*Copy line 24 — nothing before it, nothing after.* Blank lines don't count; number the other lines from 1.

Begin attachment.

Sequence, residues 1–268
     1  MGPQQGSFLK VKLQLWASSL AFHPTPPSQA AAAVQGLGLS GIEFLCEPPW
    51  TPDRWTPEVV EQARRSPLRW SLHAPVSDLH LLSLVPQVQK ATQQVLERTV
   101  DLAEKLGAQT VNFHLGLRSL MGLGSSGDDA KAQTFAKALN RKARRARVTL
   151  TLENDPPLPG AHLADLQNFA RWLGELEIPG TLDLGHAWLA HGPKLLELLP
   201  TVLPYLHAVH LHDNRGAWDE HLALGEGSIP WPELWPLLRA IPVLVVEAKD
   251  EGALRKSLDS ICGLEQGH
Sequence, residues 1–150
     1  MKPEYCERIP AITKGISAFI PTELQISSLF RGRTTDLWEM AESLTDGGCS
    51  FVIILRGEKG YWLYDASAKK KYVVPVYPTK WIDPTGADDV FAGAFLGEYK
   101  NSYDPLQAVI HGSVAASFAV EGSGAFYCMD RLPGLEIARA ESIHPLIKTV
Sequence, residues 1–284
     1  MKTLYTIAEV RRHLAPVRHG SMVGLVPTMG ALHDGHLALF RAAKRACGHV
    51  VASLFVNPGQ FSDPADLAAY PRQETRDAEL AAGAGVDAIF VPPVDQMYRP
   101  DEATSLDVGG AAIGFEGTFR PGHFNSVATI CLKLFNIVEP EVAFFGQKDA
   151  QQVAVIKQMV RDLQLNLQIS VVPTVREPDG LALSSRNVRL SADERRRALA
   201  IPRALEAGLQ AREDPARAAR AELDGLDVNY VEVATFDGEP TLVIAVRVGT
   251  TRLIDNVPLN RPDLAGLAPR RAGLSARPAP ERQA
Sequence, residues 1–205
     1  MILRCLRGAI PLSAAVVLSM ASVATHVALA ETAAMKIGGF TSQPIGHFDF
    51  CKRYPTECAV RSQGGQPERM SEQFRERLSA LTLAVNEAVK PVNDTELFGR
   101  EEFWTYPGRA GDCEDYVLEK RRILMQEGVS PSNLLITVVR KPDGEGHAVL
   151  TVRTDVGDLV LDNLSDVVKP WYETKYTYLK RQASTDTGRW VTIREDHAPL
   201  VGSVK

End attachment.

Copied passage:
   201  VGSVK